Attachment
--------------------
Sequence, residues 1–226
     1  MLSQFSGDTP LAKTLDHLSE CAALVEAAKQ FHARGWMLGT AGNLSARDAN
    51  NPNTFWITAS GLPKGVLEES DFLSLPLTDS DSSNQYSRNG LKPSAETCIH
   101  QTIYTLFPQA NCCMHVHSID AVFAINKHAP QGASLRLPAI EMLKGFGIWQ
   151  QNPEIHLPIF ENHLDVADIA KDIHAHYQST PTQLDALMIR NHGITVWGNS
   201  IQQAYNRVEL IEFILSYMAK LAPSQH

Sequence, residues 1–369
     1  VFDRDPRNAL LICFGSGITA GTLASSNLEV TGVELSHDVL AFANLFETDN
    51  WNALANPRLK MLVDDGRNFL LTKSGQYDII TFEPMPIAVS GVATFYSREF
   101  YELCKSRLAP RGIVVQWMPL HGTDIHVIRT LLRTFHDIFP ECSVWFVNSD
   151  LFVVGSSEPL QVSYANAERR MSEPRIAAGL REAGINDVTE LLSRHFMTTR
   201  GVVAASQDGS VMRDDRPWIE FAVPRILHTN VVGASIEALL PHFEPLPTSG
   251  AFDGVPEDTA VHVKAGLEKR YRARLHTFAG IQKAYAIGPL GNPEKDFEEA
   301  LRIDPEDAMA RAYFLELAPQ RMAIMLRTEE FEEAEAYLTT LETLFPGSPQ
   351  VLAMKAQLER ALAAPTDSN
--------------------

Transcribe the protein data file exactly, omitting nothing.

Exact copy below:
Sequence, residues 1–226
     1  MLSQFSGDTP LAKTLDHLSE CAALVEAAKQ FHARGWMLGT AGNLSARDAN
    51  NPNTFWITAS GLPKGVLEES DFLSLPLTDS DSSNQYSRNG LKPSAETCIH
   101  QTIYTLFPQA NCCMHVHSID AVFAINKHAP QGASLRLPAI EMLKGFGIWQ
   151  QNPEIHLPIF ENHLDVADIA KDIHAHYQST PTQLDALMIR NHGITVWGNS
   201  IQQAYNRVEL IEFILSYMAK LAPSQH

Sequence, residues 1–369
     1  VFDRDPRNAL LICFGSGITA GTLASSNLEV TGVELSHDVL AFANLFETDN
    51  WNALANPRLK MLVDDGRNFL LTKSGQYDII TFEPMPIAVS GVATFYSREF
   101  YELCKSRLAP RGIVVQWMPL HGTDIHVIRT LLRTFHDIFP ECSVWFVNSD
   151  LFVVGSSEPL QVSYANAERR MSEPRIAAGL REAGINDVTE LLSRHFMTTR
   201  GVVAASQDGS VMRDDRPWIE FAVPRILHTN VVGASIEALL PHFEPLPTSG
   251  AFDGVPEDTA VHVKAGLEKR YRARLHTFAG IQKAYAIGPL GNPEKDFEEA
   301  LRIDPEDAMA RAYFLELAPQ RMAIMLRTEE FEEAEAYLTT LETLFPGSPQ
   351  VLAMKAQLER ALAAPTDSN